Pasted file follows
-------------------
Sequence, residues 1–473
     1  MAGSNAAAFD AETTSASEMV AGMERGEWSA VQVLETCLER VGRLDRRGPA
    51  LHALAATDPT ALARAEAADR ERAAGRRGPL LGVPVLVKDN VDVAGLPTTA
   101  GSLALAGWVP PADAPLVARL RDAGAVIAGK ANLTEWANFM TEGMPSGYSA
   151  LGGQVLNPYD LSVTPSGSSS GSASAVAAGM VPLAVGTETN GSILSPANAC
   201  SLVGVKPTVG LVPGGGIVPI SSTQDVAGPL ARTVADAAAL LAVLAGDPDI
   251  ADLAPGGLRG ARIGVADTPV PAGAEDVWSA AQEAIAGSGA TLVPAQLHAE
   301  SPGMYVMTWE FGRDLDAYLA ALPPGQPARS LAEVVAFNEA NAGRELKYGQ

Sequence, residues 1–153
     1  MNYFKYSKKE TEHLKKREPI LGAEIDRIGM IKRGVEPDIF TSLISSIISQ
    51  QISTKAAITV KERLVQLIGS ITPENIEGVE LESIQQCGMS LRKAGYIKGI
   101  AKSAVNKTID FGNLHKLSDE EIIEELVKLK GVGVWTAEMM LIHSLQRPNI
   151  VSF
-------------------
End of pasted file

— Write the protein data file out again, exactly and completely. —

Sequence, residues 1–473
     1  MAGSNAAAFD AETTSASEMV AGMERGEWSA VQVLETCLER VGRLDRRGPA
    51  LHALAATDPT ALARAEAADR ERAAGRRGPL LGVPVLVKDN VDVAGLPTTA
   101  GSLALAGWVP PADAPLVARL RDAGAVIAGK ANLTEWANFM TEGMPSGYSA
   151  LGGQVLNPYD LSVTPSGSSS GSASAVAAGM VPLAVGTETN GSILSPANAC
   201  SLVGVKPTVG LVPGGGIVPI SSTQDVAGPL ARTVADAAAL LAVLAGDPDI
   251  ADLAPGGLRG ARIGVADTPV PAGAEDVWSA AQEAIAGSGA TLVPAQLHAE
   301  SPGMYVMTWE FGRDLDAYLA ALPPGQPARS LAEVVAFNEA NAGRELKYGQ

Sequence, residues 1–153
     1  MNYFKYSKKE TEHLKKREPI LGAEIDRIGM IKRGVEPDIF TSLISSIISQ
    51  QISTKAAITV KERLVQLIGS ITPENIEGVE LESIQQCGMS LRKAGYIKGI
   101  AKSAVNKTID FGNLHKLSDE EIIEELVKLK GVGVWTAEMM LIHSLQRPNI
   151  VSF